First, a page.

Saturday Subculture: 30 years of Glasgow club night

It’s the beating heart of the Scottish clubbing scene – and even thousands of miles away from Glasgow, James ‘Harri’ Hannigan and Domenic Cappello are reminded of the love for the Sub Club.

“We used to joke when we’d go away that there’s always someone who’ll come up with a Sub Club T-shirt and a Sub Club tattoo,” says Domenic, one half of the duo at the core of the Jamaica Street venue.

“We were in Penang [in Malaysia] in a bar joking about how there’s no chance this is going to happen, and as we’re walking out a guy goes ‘Harri and Dom?’ Pretty much everywhere you go people have heard of the Sub Club.”

Part of the reason for that is the duo themselves, who this year celebrate three decades of their Saturday night Subculture slot.

It is the world’s longest-running weekly house and techno night, having kicked off on 9 April 1994 - when Take That were topping the charts, Oasis were just about to release their debut single and Taylor Swift was four years old.

Harri was already established at the club, DJing at Subculture's predecessor Atlantis every Saturday alongside Scottish clubbing legends Slam, before pairing up with Dom.

“The people that owned the club decided they wanted to change direction,” recalled Harri, speaking to Radio 6 Music .

“The Slam guys were playing quite hard techno then. They said to me ‘do you want to take over the Saturdays?’. I was in a bit of a pickle and I asked Dom and Oscar [Fullone] to do it with me as I was too scared [to do it alone].”

From there, the duo helped the club become a revered Glasgow institution, establishing itself as a Saturday night staple for scores of clubbers, and a pioneering venue for house music in the city.

Three decades on from that first April night, and the duo still take to the decks every Saturday, with their longevity meaning that among the other DJs to have joined them is Harri’s son – Jasper James.

“Jasper was born the year I started my first residency at the Sub Club. All this time later I’m still there and Jasper has become a successful DJ and producer in his own right.

Harri and Dom both believe the longevity of Subculture is tied to their passion still being strong for discovering new music.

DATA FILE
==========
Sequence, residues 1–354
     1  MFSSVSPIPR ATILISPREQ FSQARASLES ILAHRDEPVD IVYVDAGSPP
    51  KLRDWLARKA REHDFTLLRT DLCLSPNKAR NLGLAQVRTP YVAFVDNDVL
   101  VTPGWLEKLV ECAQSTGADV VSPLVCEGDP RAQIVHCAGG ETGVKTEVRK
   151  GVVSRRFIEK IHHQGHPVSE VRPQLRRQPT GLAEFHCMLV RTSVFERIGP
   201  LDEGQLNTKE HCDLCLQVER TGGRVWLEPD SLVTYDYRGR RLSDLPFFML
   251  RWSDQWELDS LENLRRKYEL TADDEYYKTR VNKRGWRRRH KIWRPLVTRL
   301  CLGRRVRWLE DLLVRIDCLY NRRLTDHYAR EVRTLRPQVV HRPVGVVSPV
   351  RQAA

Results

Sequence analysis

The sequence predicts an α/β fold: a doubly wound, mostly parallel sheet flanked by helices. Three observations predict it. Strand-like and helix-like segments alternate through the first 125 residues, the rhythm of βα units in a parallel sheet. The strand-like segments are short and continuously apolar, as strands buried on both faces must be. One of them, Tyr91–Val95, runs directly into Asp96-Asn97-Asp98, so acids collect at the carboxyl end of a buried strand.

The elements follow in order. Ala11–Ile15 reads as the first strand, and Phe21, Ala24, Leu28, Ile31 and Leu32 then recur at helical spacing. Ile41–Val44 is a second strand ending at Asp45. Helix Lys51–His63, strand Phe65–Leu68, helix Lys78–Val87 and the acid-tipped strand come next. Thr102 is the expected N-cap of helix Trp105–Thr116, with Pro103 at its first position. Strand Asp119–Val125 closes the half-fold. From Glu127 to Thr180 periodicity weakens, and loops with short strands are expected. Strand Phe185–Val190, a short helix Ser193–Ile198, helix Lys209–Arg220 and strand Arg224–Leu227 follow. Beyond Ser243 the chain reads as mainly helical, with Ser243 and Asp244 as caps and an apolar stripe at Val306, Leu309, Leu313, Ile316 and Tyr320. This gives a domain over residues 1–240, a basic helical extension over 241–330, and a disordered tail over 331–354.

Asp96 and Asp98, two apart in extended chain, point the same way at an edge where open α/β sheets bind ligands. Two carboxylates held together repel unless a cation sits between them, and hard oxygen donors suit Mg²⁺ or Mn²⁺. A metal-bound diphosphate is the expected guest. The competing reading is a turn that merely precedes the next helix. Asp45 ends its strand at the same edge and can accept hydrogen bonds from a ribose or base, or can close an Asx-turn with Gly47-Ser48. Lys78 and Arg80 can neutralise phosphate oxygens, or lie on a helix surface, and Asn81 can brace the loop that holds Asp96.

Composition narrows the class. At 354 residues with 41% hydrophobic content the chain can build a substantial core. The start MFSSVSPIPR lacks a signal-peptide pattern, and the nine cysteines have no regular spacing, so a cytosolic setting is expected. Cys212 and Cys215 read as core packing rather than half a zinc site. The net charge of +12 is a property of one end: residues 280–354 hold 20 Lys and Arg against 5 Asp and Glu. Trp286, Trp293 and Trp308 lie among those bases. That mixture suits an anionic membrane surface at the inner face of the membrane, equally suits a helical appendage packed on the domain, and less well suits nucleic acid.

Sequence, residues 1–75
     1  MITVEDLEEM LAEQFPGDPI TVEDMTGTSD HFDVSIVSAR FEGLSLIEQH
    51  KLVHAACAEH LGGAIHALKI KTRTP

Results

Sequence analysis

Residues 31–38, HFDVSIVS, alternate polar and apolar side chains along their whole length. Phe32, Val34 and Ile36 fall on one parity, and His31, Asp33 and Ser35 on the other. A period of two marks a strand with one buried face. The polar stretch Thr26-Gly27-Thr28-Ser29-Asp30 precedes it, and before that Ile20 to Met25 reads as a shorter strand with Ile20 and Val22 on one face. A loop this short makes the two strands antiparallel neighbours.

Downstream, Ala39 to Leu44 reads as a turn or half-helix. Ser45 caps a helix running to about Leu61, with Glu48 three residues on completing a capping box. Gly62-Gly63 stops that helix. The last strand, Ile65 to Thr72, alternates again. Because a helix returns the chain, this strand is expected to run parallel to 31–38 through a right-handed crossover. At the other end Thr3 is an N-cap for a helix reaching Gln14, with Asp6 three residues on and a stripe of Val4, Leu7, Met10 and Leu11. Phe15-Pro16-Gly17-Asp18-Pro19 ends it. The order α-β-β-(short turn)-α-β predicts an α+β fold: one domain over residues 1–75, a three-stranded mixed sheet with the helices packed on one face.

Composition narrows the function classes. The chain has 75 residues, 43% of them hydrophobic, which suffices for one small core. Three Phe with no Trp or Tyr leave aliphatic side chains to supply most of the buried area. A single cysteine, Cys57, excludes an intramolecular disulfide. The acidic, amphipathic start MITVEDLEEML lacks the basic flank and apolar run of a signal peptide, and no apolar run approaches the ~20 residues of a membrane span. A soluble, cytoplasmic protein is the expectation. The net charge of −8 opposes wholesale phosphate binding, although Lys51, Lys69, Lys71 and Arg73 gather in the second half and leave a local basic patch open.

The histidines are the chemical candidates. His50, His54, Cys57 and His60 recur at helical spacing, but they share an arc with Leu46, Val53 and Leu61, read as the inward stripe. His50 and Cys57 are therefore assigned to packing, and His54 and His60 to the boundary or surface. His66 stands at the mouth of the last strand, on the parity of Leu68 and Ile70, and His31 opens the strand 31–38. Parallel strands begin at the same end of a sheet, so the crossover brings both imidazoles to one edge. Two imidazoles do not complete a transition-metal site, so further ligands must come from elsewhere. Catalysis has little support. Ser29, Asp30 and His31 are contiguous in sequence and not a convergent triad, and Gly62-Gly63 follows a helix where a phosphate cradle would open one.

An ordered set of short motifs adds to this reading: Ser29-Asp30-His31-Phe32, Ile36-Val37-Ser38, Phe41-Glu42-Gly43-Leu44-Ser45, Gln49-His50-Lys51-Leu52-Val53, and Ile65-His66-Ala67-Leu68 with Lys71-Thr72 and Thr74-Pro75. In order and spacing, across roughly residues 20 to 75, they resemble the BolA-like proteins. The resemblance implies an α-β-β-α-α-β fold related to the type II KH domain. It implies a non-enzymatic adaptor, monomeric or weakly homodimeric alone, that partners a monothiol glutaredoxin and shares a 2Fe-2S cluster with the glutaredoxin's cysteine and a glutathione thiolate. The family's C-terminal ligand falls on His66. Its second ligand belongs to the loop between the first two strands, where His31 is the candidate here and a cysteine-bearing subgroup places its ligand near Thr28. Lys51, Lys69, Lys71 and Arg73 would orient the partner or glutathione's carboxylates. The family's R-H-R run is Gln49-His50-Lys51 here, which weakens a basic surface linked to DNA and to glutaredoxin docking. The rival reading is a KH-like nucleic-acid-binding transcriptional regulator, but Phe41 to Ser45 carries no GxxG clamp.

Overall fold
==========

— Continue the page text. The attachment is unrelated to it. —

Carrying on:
“We’ll always play some classics, and things that have been popular over the past 30 years but generally it’s new music,” says Dom.

“I think when you’re pushing new music forward, [the night] doesn’t go stale.”

The venue itself helps too, as does the community that have gathered there over the years.

"It doesn’t try to be anything other than a nice space for people to dance in," adds Dom.

"It’s dark enough that you can hide if you want to, there’s quiet bits where you can talk with your pals, there’s bits where you can get lost on the dancefloor. It’s the simplicity [of the club]... There’s people who’ve been coming here for 30 years and they still love it."

That community spirit runs through to the DJs as well, with Ross Telford and Stevie Cox the other regulars at the night.

Telford is also the venue's general manager, while Cox worked her way up from taking jackets to stepping behind the decks.

"She started working here in the cloakroom then was doing the odd night [DJing] and we really liked her. It was quite organic.

"Telford was the same, he was working behind the bar and one night gave me a mixtape. I was driving home and listened to it, and I phoned Paul [Crawford, the club's former owner] at the time and went ‘this wee guy is brilliant!’"

The recent 30th anniversary saw old staff and familiar faces return to the club, which Domenic describes as being "like a big family".

That familial feeling comes across in Harri and Dom's own relationship, where both men bring in their own musical tastes.

"Dom and I just do our things at home immersed in our own bubble, and then we meet on a Saturday and it seems to work" says Harri.

"Getting to play in the same place for 30 years playing new music, it’s a bit of an anomaly. You feel like you’re skating on thin ice a wee bit, but it’s pretty good fun."

That's an argument that his partner in crime believes in.

"The reason it has lasted so long is we never look too far ahead. We never thought it would last 30 years, you were just thinking 'we’ve got another week, another week.' We never got too comfortable."